How do high-end and mid-range tented camps compare?

We recommend that all families spend at least a couple of nights in a tented camp – whatever your view of camping is… The ideal place to do this is in the Serengeti where there are a huge variety of camps to choose from.

Families on a smaller budget might enjoy Kati Kati Tented Camp. Meaning ‘centre’ in Swahili, this mobile camp is based in a fantastic location in the central Seronera region of the park, allowing access to the vast Serengeti plains. Each of the ten tents have proper beds and en suite facilities – showers and flushing toilets! Meals are served in the cosy mess tent and sundowner cocktails and appetisers can be enjoyed around the fire. The camp is only two to three hours from the Olduvai Gorge and Ngorongoro Crater which keeps driving to a minimum – although any drive through the Serengeti should be seen as an extra safari and thus a bonus.

Kati Kati Tented Camp - Where to stay in Tanzania

Kati Kati Tented Camp

If you have a higher budget, the Serengeti Pioneer Camp is a wonderful option. Set on its own kopje (rocky outcrop) in the south central region of the park, it offers superb views over the endless plains and Lake Magadi. A dozen tents, including a family tent, offer queen-size beds, antique colonial furnishings, hot showers and canvas-covered awnings from where to enjoy sundowners – or the odd game of Top Trumps. Game drives from this location will give you the best chance of spotting the big five and between January and July it also offers excellent access to the famous annual migration.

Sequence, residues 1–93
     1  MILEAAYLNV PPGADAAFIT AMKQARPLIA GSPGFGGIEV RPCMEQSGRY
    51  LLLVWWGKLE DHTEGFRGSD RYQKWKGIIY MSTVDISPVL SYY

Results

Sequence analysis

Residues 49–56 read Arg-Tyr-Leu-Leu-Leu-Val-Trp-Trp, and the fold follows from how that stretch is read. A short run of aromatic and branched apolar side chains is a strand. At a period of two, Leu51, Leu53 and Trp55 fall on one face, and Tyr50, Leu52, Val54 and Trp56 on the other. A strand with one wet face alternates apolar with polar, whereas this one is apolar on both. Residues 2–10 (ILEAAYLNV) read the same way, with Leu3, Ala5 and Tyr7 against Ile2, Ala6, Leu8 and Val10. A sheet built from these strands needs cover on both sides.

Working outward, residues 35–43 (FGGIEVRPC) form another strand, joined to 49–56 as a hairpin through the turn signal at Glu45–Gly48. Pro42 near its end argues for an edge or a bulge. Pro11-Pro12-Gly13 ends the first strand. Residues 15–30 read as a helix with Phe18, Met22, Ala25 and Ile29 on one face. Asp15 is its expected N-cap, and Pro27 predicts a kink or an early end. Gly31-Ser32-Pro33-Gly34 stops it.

Serengeti Pioneer Camp - Where to stay in Tanzania

Serengeti Pioneer Camp

If you really draw the line at camping then a good lodge option is the Serengeti Simba, sitting high on a hill overlooking the vast plains of the Serengeti. The annual migration passes by in June/July and then again in October but of course the area is also permanently home to lion, buffalo, cheetah, elephant, giraffe, leopard and zebra to name a few. Family rooms are available in the Stone House, beautifully decorated with local fabrics with superb views. The dining and bar area is built around the rocky kopje so guests can enjoy spectacular sunsets and sunrises – as well as the regular performances by the entertaining Simba dance troupe.

A major attraction is the infinity pool which all ages will enjoy dipping into after a dusty day on safari. And for those feeling hard done by missing out on the camping, there is still a fire to sit around at night (bring your own marshmallows!). The lodge is located to the north, just outside the Serengeti, in the Ikona Wildlife Management Area which allows guests to enjoy night safaris in the dry season (these are not permitted in the national park itself). Please note the lodge only accepts children aged six or over.

Where to stay in Tanzania - Serengeti Simba Lodge

Serengeti Simba Lodge

These are just a few examples of places to stay in Tanzania that past travellers have loved. All our holidays are tailor-made, so once we have found out a bit more about you and your family, we will suggest a range of properties that we think will suit you best.

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Call us and we will be happy to provide you with a free-of-charge no obligation itinerary and quotation designed for you.

01728 752751